The Purpose of the Law
Galatians 3:19 What purpose then does the law serve? It was added because of transgressions, till the Seed should come to whom the promise was made; and it was appointed through angels by the hand of a mediator. 20 Now a mediator does not mediate for one only, but God is one. 21 Is the law then against the promises of God? Certainly not! For if there had been a law given which could have given life, truly righteousness would have been by the law. 22 But the Scripture has confined all under sin, that the promise by faith in Jesus Christ might be given to those who believe. 23 But before faith came, we were kept under guard by the law, kept for the faith which would afterward be revealed. 24 Therefore the law was our tutor to bring us to Christ, that we might be justified by faith. 25 But after faith has come, we are no longer under a tutor. (NKJV)
The Apostle Paul is writing to believers in southern Galatia likely from his home city of Antioch, Syria in 49 A.D, prior to attending the Jerusalem Council meeting which occurred that same year. Paul has just completed his first missionary journey in which he and Barnabas planted churches in southern Galatia at Antioch in Pisidia, Iconium, Lystra, and Derbe. This letter is the first of Paul’s letters.
The churches in Galatia, influenced by Judaizers, have already turned from Paul’s Gospel to a false gospel of a mix of works and grace instead of grace alone. Judaizers claimed that Christians must also follow the Old Testament law, including circumcision. So Paul is writing to the Galatian believers to direct them back to the true Gospel of salvation by grace and not a combination of grace and works.
In this passage, Paul writes of the purpose of the law (v. 19a). The law was given to Moses by God on Mount Sinai during the third month after the exodus of the Israelites from Egyptian slavery. The law is expressed in the first five books of the Bible, which were written by Moses.
The law was a two way contract between God and the Israelites. In return for God’s blessings, which included freedom from slavery, the Israelites were to show their love for God by obedience to God’s laws.
The law “was added” by God until the Abrahamic Covenant could take effect, some 1,500 years after the giving of the law (v. 19b). The law was added because of the presence of sin (v. 19c). The Abrahamic Covenant (Gen. 12:1-3) was a one party unconditional promise given by God to Abraham that said all the people of the world would be blessed through Abraham’s Seed with salvation by grace through faith. Abraham’s Seed, Jesus Christ (Mt. 1:1), would “come to whom the promise was made”, all the people of the world (v. 19d).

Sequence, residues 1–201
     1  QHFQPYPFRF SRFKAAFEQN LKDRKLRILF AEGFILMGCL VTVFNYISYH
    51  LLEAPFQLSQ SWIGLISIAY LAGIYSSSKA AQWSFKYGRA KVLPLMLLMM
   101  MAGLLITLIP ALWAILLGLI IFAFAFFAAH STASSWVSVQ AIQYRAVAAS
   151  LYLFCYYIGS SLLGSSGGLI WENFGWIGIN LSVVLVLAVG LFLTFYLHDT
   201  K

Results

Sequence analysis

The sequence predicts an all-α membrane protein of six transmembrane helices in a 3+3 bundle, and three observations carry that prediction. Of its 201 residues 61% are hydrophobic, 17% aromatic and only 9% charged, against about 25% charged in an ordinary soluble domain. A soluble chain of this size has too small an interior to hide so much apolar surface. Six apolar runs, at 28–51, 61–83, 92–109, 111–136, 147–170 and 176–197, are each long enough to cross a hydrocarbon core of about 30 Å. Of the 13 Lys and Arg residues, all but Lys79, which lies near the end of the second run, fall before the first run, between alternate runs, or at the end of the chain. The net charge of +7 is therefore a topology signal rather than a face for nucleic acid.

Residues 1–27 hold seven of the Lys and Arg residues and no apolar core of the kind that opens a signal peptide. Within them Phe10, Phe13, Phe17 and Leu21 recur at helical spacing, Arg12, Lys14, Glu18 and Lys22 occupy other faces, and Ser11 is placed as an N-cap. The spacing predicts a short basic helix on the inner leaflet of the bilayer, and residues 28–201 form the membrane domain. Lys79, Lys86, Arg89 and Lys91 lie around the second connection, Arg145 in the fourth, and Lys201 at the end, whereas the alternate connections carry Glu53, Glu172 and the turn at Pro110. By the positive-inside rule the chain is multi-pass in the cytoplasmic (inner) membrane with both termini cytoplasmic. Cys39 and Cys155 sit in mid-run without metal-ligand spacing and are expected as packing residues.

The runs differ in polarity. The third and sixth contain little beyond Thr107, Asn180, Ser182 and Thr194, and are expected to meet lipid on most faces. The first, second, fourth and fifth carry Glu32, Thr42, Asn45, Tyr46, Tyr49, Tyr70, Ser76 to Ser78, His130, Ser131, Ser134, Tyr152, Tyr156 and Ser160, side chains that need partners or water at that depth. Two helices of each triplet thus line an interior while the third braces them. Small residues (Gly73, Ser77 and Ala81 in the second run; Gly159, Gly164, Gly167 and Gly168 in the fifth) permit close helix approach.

The law was delivered to the Israelites “through angels by the hand of a mediator” (v. 19e). The angels (Dt. 33:2, Ps. 68:17, Acts 7:53, Heb. 2:2) were messengers from God and the mediator was Moses (Dt. 5:5) who mediated between God and the Israelite people.
“A mediator does not mediate for one only”, so the Abrahamic Covenant did not need a mediator (v. 20a). “God is one” and was the only One involved in the Abrahamic Covenant since it was a one party unconditional promise made to Abraham (v. 20b).
Paul then asks if the law goes “against the promises of God”, meaning, in this case, the promise of the Abrahamic Covenant (v. 21a). The answer is “Certainly not” (v.21b)! Because if obedience to the law could have produced eternal “life”, the “righteousness” required for eternal life could have come from obedience to the law (v. 21c). Instead, for that 1,500 years between the giving of the law and the coming of Jesus the Jews proved that they could not obey the law over and over again. So the promise of the Abrahamic Covenant was still needed even though the law was added later.
The law “confined all under sin” (v. 22a). All have sinned and are in bondage to that sin so that “the promise” of the Abrahamic Covenant which is salvation “by faith in Jesus Christ might be given to those who believe” (v. 22b). Before this “faith (Jesus) came”, the Israelites “were kept under guard by the law” until such time as Jesus would “be revealed” (v. 23a).
So the purpose of the law was to be a “tutor” until, the Jews could be “justified by faith” in Jesus Christ (v. 24a). The non Jews, the Gentiles, were never under the law. Then, “after faith (Jesus)” came, the tutor (the law) was no longer needed (v. 25).
So today no one is under the law. It is given to us as a way to define sin, but it has no power over us. If we sin, and we all do, the only way to eternal life is through salvation by the grace of God through our faith in Jesus Christ as our Lord and Savior.
Online Bible Commentary